International Antarctic expedition : Part 4

Reaching Antarctica by ship is an important part of the journey. It helps you slowly cut away from the real world (Since you have no way of really communicating with the outside world). The journey in the ship becomes as much a part of the story as taking your first step on the 7th continent. When you only see water all around you for days on end and no sign of land it makes you think of things you didn’t even know you were capable of thinking of!


We made it through the Drake Passage alive and in one piece!!


On the 8th of March I saw my first iceberg! It was a moment that I will treasure for the rest of my life. I felt every single emotion in that second. There were so many feelings surfacing that I began to cry. I cried because of how beautiful it was, I cried because I had never seen something so pure and it hurt me to know that our everyday lives back home were destroying that beauty. Its amazing what nature can make you feel without even trying too hard. I was looking at the last wilderness left on the planet.

My first iceberg!

Do we need to protect nature for the future of humans or protect nature from humans themselves.

Molting Penguins

We made our first landing on the Half moon island. It gets its name from its shape. The island is a part of the South Shetland islands and is not a part of mainland Antarctica. There’s an Argentine base on this island as well. We were welcomed by hundreds of Chinstrap and Gentoo penguins who were all mostly molting. Molting is a process that penguins undergo once a year. They lose their old feathers and get new ones. The process can make them quite miserable during those days (sometimes weeks) since they lose ALL their feathers at once instead of losing their feathers one at a time like other birds.

Despite my major phobia of birds I was quite comfortable being surrounded by penguins. They can be quite silly and curious when they’re in the mood. They taught me that it’s okay to continue being yourself even when you have a hundred odd strangers staring at you. It made me so happy to see them roam around freely, run, jump and swim in their natural habitat. There are penguins in enclosures around the world and my heart sank in that moment thinking of them. They’re meant to be open, wild and free, they’re not meant to be caged up and stared at by people on the other side of the glass. When will we learn? When will we learn that animals are not ours to keep?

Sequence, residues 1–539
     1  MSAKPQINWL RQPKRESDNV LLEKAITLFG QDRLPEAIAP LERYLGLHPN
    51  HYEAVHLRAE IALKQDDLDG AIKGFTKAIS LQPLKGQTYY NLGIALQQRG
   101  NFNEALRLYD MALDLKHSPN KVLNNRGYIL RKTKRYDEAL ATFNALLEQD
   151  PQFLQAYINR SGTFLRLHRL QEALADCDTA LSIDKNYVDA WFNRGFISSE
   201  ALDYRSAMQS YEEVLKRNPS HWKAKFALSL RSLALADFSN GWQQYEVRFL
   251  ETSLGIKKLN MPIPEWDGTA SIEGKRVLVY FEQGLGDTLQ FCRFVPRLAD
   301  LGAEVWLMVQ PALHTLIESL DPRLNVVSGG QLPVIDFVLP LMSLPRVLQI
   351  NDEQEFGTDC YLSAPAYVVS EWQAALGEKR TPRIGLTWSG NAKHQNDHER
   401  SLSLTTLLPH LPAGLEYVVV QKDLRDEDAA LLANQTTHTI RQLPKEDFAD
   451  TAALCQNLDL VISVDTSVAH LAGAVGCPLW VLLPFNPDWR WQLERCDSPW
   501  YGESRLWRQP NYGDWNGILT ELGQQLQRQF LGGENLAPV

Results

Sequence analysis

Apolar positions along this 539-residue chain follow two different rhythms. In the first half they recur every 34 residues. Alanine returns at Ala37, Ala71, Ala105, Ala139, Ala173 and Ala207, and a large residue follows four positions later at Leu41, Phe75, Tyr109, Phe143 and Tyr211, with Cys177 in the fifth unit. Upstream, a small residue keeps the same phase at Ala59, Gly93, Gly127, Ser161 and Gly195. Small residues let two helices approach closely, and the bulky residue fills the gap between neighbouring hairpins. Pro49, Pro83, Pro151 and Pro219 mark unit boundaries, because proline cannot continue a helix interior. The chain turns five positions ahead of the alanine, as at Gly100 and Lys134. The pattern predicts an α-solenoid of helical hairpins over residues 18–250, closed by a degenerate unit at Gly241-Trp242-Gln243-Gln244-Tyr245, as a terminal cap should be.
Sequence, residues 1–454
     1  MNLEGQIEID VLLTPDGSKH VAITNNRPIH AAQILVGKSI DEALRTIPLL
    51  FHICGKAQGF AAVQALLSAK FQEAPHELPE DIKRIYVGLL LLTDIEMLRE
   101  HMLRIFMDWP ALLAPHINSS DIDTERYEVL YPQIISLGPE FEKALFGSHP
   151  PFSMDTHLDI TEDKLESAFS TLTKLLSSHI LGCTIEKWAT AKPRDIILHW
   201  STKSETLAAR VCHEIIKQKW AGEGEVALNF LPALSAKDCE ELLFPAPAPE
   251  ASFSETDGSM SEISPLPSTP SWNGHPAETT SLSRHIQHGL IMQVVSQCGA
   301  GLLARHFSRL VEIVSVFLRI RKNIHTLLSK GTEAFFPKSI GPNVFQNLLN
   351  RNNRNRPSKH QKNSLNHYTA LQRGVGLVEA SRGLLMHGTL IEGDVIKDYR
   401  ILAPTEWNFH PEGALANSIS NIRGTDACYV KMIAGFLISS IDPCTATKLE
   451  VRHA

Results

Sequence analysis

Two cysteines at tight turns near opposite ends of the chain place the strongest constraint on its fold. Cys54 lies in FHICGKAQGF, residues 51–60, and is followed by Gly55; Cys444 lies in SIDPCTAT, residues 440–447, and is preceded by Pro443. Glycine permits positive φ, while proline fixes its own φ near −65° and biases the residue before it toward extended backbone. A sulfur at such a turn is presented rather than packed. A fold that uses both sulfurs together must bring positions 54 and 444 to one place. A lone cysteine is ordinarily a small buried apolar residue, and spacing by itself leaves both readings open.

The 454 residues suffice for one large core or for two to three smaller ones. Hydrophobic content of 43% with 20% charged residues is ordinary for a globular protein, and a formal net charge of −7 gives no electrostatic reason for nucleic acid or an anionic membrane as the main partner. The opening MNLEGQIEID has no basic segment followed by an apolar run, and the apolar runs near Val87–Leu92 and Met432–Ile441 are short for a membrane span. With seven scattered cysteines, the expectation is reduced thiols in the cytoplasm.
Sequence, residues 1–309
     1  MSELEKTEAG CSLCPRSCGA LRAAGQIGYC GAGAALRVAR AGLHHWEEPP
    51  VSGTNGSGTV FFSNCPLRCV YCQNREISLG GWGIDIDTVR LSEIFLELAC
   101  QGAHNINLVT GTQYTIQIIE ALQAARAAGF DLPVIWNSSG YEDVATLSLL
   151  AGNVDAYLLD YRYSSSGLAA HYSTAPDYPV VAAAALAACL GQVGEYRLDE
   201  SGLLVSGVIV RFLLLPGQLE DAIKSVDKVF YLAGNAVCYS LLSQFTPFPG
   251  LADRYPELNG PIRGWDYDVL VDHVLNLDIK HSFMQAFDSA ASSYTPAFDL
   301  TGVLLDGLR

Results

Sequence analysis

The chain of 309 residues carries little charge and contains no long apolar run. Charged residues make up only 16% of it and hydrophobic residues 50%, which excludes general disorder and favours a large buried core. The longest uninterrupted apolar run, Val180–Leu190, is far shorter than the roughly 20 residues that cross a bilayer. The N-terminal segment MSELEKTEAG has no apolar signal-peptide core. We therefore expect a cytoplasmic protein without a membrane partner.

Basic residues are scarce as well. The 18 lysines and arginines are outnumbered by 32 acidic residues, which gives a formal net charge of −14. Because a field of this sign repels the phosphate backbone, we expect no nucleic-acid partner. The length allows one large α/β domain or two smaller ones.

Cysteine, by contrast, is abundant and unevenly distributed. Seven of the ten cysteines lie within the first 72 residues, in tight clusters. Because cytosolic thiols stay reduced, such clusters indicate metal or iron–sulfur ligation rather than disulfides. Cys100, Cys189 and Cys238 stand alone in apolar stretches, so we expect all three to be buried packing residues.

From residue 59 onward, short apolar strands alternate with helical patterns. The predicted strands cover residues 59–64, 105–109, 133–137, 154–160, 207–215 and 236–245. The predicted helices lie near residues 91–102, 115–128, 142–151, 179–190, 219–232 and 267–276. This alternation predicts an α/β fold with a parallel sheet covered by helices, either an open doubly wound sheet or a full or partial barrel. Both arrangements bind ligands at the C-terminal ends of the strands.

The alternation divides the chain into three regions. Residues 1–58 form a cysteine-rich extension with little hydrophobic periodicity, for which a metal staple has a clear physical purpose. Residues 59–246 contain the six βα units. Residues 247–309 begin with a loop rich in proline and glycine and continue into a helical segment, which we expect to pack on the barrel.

Penguin selfie! Nothing makes me happier than seeing animals in their natural habitats!


Melting penguins


I saw a number of penguin carcases on my first landing. It initially made me upset but the more I thought about it- it made sense. Nature knows how to maintain a balance. Antarctica has the most fragile ecosystem on the planet and yet it knows how to manage itself without human intervention. This was definitely something to think about.

Penguin carcass

For all those interested in a bit of science –

Climate change and Penguins  :

Research shows that climate change will impact penguins in two ways –

  1. Reduction of food availability  : Penguins mostly rely on krill. Krill depends on sea ice. Simply put – If sea ice melts that will directly impact the availability of krill and thereby affect the food source for penguins.
  2. Reduction in availability of nesting habitats. Though penguins spend up to 80% of their lives in water, Land is also crucial for their survival. These creatures lay their eggs on land and wait till the chicks are mature enough to take them into the water. Melting ice sheets means that at times the chicks are forced into the water before their feathers are fully developed and that could lead to hypothermia and ultimately death of the chicks.


This is a very simplified explanation of the relationship between climate change and penguins. If you would like to know more you can visit –


Being in Antarctica reminded me of the videos I used to show my classroom when I was a teacher. “ Nature is speaking” –